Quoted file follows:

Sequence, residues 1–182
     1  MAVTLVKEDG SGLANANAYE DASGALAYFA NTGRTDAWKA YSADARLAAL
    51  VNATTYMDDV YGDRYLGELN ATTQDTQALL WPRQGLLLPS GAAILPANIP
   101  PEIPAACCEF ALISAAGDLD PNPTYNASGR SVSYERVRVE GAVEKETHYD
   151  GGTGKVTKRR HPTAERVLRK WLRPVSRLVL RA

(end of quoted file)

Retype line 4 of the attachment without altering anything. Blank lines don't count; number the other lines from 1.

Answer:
   101  PEIPAACCEF ALISAAGDLD PNPTYNASGR SVSYERVRVE GAVEKETHYD